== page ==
After a slow first five months, I'm back to blogging in earnest. In the forthcoming few months I plan to keep on tracking the blooming of wildflowers, the activities of bugs and reptiles and any other critters I'm quick enough or lucky enough to photograph, and to comment on ecological relationships. Since there is an increasing sense of ecological crisis among many people and more vigorous denial of such on the part of others, I will inevitably comment on the social and political dimensions of survival as I see them.
I am still an adjunct instructor in the English Department at Feather River College, but time permitting, I am available for hire as a nature guide in the region in and around Plumas County. A brochure describing my usual kinds of natural history adventures is in development. Email me c/o firstname.lastname@example.org with your mailing address and a statement of interests, and I'll send you a rough draft.
I have been teaching since 1965 and have recently joined the English Department as an Associate Faculty member at Feather River College. Recently taught Nature Literature in America and am currently teaching Interpersonal Communication and Basic Reading and Writing.
Lots of drama happening on daisies this past week. That's one reason I don't like to mow my lawn. That's where the daisies grow. The above photo is of a pair of Longhorn Beetles. That's the family they are in. I haven't identified the species, although it could be Stenocorus nubifer. We have many species of Longhorn Beetles around Quincy and many get quite large. Adults can be more than 2" long and some of their larvae can exceed 4" in length and make sizable tunnels in the roots of pine trees.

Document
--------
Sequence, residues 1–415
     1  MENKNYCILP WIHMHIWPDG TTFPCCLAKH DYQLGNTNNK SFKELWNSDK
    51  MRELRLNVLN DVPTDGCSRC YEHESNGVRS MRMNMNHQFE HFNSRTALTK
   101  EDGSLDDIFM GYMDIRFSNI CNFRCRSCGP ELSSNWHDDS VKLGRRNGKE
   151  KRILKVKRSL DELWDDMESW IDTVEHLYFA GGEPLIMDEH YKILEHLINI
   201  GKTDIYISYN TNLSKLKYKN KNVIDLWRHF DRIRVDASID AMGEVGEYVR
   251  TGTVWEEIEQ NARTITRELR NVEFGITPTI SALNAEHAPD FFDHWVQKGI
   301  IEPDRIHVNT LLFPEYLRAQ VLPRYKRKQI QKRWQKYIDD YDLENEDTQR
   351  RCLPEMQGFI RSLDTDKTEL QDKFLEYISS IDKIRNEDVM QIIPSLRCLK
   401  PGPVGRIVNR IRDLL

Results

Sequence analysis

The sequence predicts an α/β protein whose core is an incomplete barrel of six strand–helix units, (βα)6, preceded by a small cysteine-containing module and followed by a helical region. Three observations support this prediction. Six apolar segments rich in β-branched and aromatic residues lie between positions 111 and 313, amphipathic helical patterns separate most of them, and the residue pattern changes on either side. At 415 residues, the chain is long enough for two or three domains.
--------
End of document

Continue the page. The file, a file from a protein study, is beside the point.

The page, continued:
The Pacific Ambush Bug is beginning to appear. A few weeks from now it will be the most abundant bug on Tansy (below) and occasionally visit the Daisies (above). I've never seen it on any other plants.
Defying gravity, this is one of my favorite photos (below).
The most abundant beetle where I've been exploring this past week is the Common Checkered Clerid. The word "clerid" is the Anglicized version of the family name, Cleridae.
When this pair sensed my presence they started move across the Yarrow. Or, I should say the female did. Looks like the male didn't have much say in the matter.
A pair of Convergent Ladybird Beetles (AKA Ladybugs) having fun among some young Stonecrop.
Two's company, three's a crowd, or maybe not. A menage a trois?
Another couple having fun on the edge of some Yerba Santa.
Longhorn Beetles on Angelica.
A couple of Dendate Eleodes, AKA Stink Bugs, uncovered while making love under a piece of bark (below).
Two pairs of tiny beetles mating under the watchful eye of a Skipper on Mountain Dandelion.
I call this last one "Double Dating on Buttercup."